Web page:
Prestigious Laureate Professorship for History Program at Melbourne
School of Historical and Philosophical Studies' Professor Joy Damousi has been awarded an Australian Laureate Fellowship, joining 15 other illustrious professors around the country. Awarded by the Australian Research Council, and allowing five years of full-time research, the position also brings capacity for team building and student scholarships within the Faculty's History Program. It is a remarkable achievement, capping an exceptional research career.
Specifically, the award allows Professor Damousi to build on her detailed research into the history of the paidomazoma – the removal of children to Australia during the Greek Civil War in the 1940s. In this project, Professor Damousi charted a painful history that saw tens of thousands of children removed from villages across Greece, often to Eastern Europe, but also to Australia. Among many other aspects of this story, Professor Damousi's research highlighted the role of Australian Council of International Social Service director, Aileen Fitzpatrick, and the pivotal role she played in moving debates beyond Cold War politics and promoting a global community united by humanitarian efforts and international exchange.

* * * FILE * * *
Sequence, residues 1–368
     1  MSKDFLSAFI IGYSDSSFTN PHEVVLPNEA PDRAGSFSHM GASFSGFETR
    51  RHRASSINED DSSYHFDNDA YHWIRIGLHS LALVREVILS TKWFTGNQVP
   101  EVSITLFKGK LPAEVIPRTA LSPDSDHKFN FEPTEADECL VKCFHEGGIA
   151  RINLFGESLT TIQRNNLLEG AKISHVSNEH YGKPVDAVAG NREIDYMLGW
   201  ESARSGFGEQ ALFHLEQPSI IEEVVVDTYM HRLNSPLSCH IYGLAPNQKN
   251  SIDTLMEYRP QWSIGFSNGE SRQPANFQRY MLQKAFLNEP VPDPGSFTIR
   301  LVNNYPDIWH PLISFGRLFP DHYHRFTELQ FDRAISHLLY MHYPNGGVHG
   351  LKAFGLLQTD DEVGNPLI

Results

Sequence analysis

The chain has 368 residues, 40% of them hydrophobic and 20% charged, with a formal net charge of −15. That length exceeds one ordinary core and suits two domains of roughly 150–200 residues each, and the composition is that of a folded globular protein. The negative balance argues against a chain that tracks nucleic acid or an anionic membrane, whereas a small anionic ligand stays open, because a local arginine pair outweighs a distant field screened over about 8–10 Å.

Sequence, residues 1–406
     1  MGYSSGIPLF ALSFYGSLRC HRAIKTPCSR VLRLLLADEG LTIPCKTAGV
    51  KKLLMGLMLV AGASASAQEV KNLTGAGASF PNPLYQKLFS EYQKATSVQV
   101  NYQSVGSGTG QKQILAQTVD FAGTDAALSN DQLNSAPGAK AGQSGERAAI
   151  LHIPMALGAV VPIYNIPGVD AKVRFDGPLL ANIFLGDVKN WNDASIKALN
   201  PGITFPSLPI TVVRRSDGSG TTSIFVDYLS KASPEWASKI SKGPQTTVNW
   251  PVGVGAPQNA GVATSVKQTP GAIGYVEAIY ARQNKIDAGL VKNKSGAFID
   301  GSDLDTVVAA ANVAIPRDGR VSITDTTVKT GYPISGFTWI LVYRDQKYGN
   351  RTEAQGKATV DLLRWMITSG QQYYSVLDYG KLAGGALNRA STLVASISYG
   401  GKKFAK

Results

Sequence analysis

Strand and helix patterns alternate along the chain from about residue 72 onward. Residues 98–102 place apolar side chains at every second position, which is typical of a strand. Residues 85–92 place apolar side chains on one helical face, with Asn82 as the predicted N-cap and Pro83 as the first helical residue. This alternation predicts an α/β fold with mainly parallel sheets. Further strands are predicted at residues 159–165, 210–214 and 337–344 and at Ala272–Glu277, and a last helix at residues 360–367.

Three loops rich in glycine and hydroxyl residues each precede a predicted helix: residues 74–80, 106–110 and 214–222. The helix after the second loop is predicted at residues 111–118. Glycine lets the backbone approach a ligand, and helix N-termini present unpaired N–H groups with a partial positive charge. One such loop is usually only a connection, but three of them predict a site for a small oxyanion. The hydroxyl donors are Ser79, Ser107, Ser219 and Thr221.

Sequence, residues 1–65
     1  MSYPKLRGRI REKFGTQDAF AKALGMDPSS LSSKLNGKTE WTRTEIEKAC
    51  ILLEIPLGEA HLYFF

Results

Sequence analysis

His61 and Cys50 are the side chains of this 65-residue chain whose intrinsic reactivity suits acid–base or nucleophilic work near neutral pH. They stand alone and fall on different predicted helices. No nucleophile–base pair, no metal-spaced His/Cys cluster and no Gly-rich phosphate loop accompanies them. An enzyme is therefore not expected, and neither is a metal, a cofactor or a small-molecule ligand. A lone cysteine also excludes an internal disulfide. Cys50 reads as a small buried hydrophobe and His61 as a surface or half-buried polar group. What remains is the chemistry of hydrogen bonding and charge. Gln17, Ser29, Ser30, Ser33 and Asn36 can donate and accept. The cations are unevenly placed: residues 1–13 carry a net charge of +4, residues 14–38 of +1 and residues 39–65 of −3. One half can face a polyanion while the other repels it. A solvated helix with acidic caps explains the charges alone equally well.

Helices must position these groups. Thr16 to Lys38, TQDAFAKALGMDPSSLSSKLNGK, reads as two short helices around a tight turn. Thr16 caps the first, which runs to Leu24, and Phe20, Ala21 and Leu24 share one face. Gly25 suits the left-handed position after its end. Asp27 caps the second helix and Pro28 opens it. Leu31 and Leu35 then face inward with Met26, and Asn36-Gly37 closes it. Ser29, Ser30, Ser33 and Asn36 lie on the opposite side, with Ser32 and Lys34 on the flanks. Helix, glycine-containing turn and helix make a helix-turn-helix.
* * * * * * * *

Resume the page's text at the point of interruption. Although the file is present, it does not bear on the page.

Professor Damousi's new project will examine the broader history of child refugees seeking asylum in Australia, asking questions about how the past informs current and future approaches to immigration and refuge. Professor Damousi hopes the project will "generate new and powerful understandings of the impact and experiences of child refugees in Australia … and enable an integrated approach to understanding the impact of child refugees in Australia in cultural, social and economic terms". It is important, Professor Damousi has argued, that we have both "a historical and contemporary framework for current discussions on child refugees".
Commenting on the awarding of the laureate professorships, the University of Melbourne's Deputy Vice-Chancellor of Research, Professor James McCluskey, noted that these fellowships recognise "outstanding world-leading achievements", but also and importantly that it is "research that informs and assists the community". Professor Damousi's project will focus on diverse communities in Australia, including groups that have the highest migration of children, such as the Vietnamese in the 1970s and the Sudanese since the 1990s. It will also focus on historical case studies and community attempts to assist children much earlier in the twentieth century, such as the role of Jewish communities in the 1930s.
In addition to this prestigious new role, Professor Damousi will assist the community through her role as an ambassador for women in the humanities, arts and social sciences. She undertakes this role as the most recent recipient of the Kathleen Fitzpatrick Award. Named after the renowned Melbourne University historian, a key part of this role is to mentor and support female researchers to become scholars. "We have to get more women in there, and more research and awards in the humanities", Professor Damousi has said. "It is great to see the ARC supporting studies of migration like this – Australian communities have a lot of stories to tell, and they haven't all been told yet."